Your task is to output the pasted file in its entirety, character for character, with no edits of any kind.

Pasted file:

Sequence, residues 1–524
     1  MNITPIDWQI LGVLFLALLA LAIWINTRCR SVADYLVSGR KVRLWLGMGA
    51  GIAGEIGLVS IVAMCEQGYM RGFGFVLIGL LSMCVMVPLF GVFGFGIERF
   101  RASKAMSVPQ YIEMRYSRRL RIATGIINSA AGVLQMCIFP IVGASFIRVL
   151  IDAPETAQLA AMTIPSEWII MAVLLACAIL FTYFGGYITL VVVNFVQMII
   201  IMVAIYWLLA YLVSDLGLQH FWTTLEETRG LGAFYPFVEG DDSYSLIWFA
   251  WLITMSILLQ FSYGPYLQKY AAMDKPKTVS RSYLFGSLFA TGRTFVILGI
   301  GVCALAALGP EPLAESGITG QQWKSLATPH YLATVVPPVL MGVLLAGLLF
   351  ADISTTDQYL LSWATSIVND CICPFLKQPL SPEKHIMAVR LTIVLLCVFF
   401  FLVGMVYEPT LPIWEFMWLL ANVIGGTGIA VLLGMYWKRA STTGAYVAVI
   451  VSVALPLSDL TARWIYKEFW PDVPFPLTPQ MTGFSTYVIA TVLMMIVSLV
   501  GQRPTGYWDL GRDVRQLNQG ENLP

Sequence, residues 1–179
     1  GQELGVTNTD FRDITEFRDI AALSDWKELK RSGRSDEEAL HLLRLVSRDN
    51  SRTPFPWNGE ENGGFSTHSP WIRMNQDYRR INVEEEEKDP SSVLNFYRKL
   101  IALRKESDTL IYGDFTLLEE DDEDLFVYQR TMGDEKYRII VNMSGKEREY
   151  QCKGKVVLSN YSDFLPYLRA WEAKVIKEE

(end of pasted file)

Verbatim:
Sequence, residues 1–524
     1  MNITPIDWQI LGVLFLALLA LAIWINTRCR SVADYLVSGR KVRLWLGMGA
    51  GIAGEIGLVS IVAMCEQGYM RGFGFVLIGL LSMCVMVPLF GVFGFGIERF
   101  RASKAMSVPQ YIEMRYSRRL RIATGIINSA AGVLQMCIFP IVGASFIRVL
   151  IDAPETAQLA AMTIPSEWII MAVLLACAIL FTYFGGYITL VVVNFVQMII
   201  IMVAIYWLLA YLVSDLGLQH FWTTLEETRG LGAFYPFVEG DDSYSLIWFA
   251  WLITMSILLQ FSYGPYLQKY AAMDKPKTVS RSYLFGSLFA TGRTFVILGI
   301  GVCALAALGP EPLAESGITG QQWKSLATPH YLATVVPPVL MGVLLAGLLF
   351  ADISTTDQYL LSWATSIVND CICPFLKQPL SPEKHIMAVR LTIVLLCVFF
   401  FLVGMVYEPT LPIWEFMWLL ANVIGGTGIA VLLGMYWKRA STTGAYVAVI
   451  VSVALPLSDL TARWIYKEFW PDVPFPLTPQ MTGFSTYVIA TVLMMIVSLV
   501  GQRPTGYWDL GRDVRQLNQG ENLP

Sequence, residues 1–179
     1  GQELGVTNTD FRDITEFRDI AALSDWKELK RSGRSDEEAL HLLRLVSRDN
    51  SRTPFPWNGE ENGGFSTHSP WIRMNQDYRR INVEEEEKDP SSVLNFYRKL
   101  IALRKESDTL IYGDFTLLEE DDEDLFVYQR TMGDEKYRII VNMSGKEREY
   151  QCKGKVVLSN YSDFLPYLRA WEAKVIKEE